Rainbow Framing the Wallowa MountainsRainbow framing the Wallowa Mountains from the Feezout Saddle Trail.

View from the Cascade Head TrailView from Cascade Head after the shower.

Veiw from Amanda's TrailView from the morning across the Mollala River Canyon.

Between the cooperative weather and a lack of significant wildfires in the area made 2019 a great year for viewpoints. In fact there was only one hike, our second to the summit of Huckleberry Mountain (post) where we felt skunked on views. That hike began in the Wildwood Recreation area and the interpretive trails along the Salmon River made up for the lack of views up top.
3d Model of Mt. Hood along the Cascade Streamwatch TrailNeat 3D display at Wildwood Recreation Area.

Viewpoint on Huckleberry MountainView atop Huckleberry Mountain.

Even on that day blue sky made an appearance before the end of our hike.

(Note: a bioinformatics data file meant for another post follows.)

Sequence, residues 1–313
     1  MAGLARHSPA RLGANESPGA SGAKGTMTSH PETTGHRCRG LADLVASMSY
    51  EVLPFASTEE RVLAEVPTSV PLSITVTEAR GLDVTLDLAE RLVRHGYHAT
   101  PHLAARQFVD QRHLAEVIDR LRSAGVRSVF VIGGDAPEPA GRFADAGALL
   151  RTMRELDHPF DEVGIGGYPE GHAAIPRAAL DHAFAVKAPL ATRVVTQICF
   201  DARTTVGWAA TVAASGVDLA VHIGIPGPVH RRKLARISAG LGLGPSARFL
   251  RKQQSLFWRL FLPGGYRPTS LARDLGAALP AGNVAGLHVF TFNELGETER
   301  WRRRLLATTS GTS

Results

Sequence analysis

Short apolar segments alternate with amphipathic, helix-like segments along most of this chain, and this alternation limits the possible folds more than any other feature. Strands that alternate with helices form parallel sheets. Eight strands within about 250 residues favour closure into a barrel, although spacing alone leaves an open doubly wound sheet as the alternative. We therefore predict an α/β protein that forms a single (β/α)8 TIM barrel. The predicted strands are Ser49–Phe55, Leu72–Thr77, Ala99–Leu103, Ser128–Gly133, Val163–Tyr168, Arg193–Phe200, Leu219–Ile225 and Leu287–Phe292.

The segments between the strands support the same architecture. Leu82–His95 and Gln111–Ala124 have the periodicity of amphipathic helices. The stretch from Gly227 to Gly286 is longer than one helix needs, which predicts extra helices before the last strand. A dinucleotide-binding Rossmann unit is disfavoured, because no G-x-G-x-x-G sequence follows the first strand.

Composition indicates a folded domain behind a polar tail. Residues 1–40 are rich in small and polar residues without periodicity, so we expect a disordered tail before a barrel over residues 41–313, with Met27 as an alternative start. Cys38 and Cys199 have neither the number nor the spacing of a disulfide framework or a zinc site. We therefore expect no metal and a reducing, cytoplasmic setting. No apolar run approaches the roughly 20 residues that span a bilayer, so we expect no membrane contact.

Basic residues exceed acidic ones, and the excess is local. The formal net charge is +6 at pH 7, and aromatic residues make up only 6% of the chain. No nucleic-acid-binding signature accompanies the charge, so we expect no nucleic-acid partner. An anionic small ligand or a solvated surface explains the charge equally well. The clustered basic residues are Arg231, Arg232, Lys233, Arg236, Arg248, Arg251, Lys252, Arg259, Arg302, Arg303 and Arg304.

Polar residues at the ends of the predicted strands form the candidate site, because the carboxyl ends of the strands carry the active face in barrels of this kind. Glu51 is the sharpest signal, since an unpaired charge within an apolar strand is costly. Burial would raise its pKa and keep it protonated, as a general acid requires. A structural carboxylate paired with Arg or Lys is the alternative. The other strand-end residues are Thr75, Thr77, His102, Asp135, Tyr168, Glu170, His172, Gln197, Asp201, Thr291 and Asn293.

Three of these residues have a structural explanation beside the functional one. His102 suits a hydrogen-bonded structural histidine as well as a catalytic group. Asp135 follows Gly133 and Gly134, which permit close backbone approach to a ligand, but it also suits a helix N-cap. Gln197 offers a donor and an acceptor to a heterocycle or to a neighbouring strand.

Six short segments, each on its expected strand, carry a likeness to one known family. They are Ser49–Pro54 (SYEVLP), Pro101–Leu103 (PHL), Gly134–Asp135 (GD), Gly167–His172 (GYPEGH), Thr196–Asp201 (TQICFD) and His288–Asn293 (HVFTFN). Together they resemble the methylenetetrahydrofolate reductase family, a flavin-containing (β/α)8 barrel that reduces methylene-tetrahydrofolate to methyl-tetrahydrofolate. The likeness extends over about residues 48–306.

Mt. Hood behind some clouds

We also never got much of a view (but we did see blue sky) on our visit to Silver Star Mountain (post) but the point of that hike was to see the flower display.
Wildflowers along the Silver Star Trail

As always our hikes included a variety of landscapes, natural features, and some man-made ones. A sample of which follows. (We will cover wildflowers and wildlife in separate posts later.)
Gales CreekGales Creek – Coast Range

Dry Creek FallsDry Creek Falls – Columbia River Gorge, OR

Camassia Natural AreaCamassia Natural Area – West Linn

The Two Chiefs and Table MountainTwo Chiefs and Table Mountain – Columbia River Gorge, WA

Nature Trial at Oak IslandOak Island – Columbia River

B.C. Creek FallsB.C. Creek Falls – Wallowa Mountains